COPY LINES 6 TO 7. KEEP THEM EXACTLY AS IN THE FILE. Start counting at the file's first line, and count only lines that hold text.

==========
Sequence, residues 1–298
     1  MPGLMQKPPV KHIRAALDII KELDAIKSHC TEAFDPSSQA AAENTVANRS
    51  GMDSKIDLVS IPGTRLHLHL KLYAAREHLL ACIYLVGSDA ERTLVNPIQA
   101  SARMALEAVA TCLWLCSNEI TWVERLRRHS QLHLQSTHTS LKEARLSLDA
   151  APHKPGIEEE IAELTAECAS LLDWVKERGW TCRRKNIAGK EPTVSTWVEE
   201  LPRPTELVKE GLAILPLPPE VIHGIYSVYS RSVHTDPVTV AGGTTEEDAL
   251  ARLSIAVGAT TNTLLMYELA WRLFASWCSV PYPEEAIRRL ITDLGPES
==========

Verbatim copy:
   201  LPRPTELVKE GLAILPLPPE VIHGIYSVYS RSVHTDPVTV AGGTTEEDAL
   251  ARLSIAVGAT TNTLLMYELA WRLFASWCSV PYPEEAIRRL ITDLGPES